After that unusual affair, we continued on our way to Nuwara Eliya. We were already driving through the hill country of Central Province over cliff roads surrounded by tea plantations and greenery that was interrupted by occasional waterfalls. The scenery around the hill country was notable. It did remind me of the Scottish Highlands but still, it wasn’t really similar to the evergreen I have seen in Scotland. It was wild and flirtatious with those long legged trees, unlike the more dignified British counterparts. Driving by all those tea plantations, we asked our driver if we can stop at one. Guess what? We made a stop at a Scottish tea factory just on time for afternoon tea. The factory tour took us through the process of making tea and introduced us to the different kinds of tea leaves and what can be made out of each one. We took a quick walk among tea trees and sampled some of the tea produced by the factory. We didn’t catch the workers picking up the leaves unfortunately as it was after working hours when we had the tour. Nonetheless, it was nice and informative.
We were told by our driver that some areas are segregated according to faith but as we drove by that specific neighborhood in Central Province, we passed a mosque, a Buddhist temple, and a Hindu temple all next to one another. Talking about cultural and religion diversity here, I wondered if the people living in that area were at peace with one another. And if the humble people of Sri Lanka were able to accomplish such harmony despite all the differences, then why the rest of the world is still having acceptance problems?! Wouldn’t it be easier to accept instead of reject and decline?
We reached our final destination after sunset but even the dark couldn’t hide how beautiful Nuwara Eliya was. It was so colonial that I couldn’t believe I was still in Sri Lanka, our driver told us locals call it Little England and you could actually tell why once you set eyes on it.
Our accommodation in Nuwara Eliya was yet at another guesthouse that was absolutely lovely. The place overlooks Lake Gregory; it has an outside garden with trees and flower creepers everywhere, and rooms that are unusually decorated with bright colors. Our room was purple and came with butterfly decorations. The host was an extremely helpful and nice guy. I consulted him about the Horton Plains hike we were planning on doing in the morning and he was so patient with me because I literally asked him a good deal of questions about that one and what was to come afterwards throughout our trip.
Weather strike number two that day, we had to cancel that hike! The Horton Plains is a hike that is advisably done at sunrise and that requires a very early start of the day. The weather forecast said rainy and cold so we had to abort it. Surprisingly, the meticulous and planned self was totally fine with that conclusion! I didn’t want to be wet and cold and end up not being able to see the sun rising nor enjoy the stunning views of World’s End, so accepting that fact was the right thing to do. By the time we were in town, it was too late to have dinner at the guesthouse but our kind host recommended a nearby Indian restaurant. I think that was the best dinner I had during the whole trip. The food was mouthwatering and Sara and I went into this laughing frenzy, it could have been the spices maybe! We literally laughed our hearts out; it was such a warming ending to a great day.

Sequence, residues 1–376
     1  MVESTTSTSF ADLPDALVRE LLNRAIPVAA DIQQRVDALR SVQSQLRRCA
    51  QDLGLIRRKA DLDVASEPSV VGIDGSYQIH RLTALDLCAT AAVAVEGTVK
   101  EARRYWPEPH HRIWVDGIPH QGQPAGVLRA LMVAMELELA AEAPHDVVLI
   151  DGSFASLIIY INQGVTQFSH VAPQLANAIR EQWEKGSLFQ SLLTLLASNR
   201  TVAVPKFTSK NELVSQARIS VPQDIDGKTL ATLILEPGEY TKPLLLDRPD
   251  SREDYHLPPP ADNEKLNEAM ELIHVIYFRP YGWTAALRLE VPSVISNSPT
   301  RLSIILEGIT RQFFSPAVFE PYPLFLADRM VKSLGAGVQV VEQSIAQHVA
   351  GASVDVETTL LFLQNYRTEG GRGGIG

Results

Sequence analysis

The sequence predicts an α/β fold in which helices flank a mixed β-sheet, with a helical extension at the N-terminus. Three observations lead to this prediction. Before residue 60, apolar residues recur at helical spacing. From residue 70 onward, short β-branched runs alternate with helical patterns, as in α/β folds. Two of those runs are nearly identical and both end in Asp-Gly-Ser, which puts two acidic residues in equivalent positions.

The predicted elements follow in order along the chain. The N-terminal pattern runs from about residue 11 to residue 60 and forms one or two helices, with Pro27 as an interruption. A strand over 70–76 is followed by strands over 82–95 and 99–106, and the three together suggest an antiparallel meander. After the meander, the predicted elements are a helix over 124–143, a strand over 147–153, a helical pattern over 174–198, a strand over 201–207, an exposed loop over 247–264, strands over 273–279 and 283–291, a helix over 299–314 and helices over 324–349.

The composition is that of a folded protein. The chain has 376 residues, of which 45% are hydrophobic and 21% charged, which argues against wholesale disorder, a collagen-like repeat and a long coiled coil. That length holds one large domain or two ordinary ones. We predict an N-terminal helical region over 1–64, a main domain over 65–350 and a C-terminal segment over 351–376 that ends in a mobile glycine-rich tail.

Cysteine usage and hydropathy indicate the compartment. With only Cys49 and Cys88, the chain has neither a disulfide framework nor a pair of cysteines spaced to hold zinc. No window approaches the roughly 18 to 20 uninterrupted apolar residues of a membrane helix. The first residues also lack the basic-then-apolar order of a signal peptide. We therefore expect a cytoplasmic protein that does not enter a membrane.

What’s next after cancelling our planned hike? Find that one out in the upcoming part of my trip to Sri Lanka 😉
10 thoughts on “Venturing into Sri Lanka – Part 2”
I love this journey you’re taking us on! Can’t wait to read the next part 💗 Your photos are amazing too! x
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I’m glad you are enjoying it ☺️ Thank you my dear ❤️ I actually feel this part has poor pictures because I wasn’t able to use the camera due to the rain, had to use the mobile and GoPro 🙈
I absolutely LOVE Sri Lanka. All the greenery. So much to see. We go at least once a year, but mostly hang out around Colombo now because of my husband’s business there. On one of our trips we stayed at The Lavender House in Nuwara Eliya where we had the best food ever prepared by a personal chef. Oh my! And visited the very same Glenloch Tea Factory. And Indian food is my favorite, especially for breakfast, which I always have when we are there. 🙂
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I loved the greenery and the food too ☺️ and I have to say that Nuwara Eliya and Ella are the two places I loved the most ❤️
I love reminiscing about my time in Sri Lanka through your posts. I cannot wait to read more and hopefully you will treat us to some words about your time in Egypt 🙂
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I’m glad they remind you of good times Aneesa 🙂 I should be publishing another part soon and more of Egypt to come hopefully 😉
Amazing Post.looks like a great trip 😊
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Thank you! It was a great one indeed 🙂
Hi, i love your pictures, can i know if it’s ok for women to wear hijab in Sigiriya rock, because im traveling there soon with some friends who wear hijab… thanks
Hello, thank you, glad you do 🙂 I didn’t have any problems with my hijab when I went to Sigiriya but another veiled traveler told me she was banned! You will need to check before you go. Entering temples is banned with hijab that’s for sure. I wasn’t allowed to enter any and people were kind of rude about it. Pidurangala rock is an alternative for Sigiriya, entrance fee is less and that rock offers amazing views of Sigiriya and as far as I know, no issue with hijab. Please bare in mind that my trip was in 2017. Hope that helped. Wish you have a nice trip 🙂 you are welcome.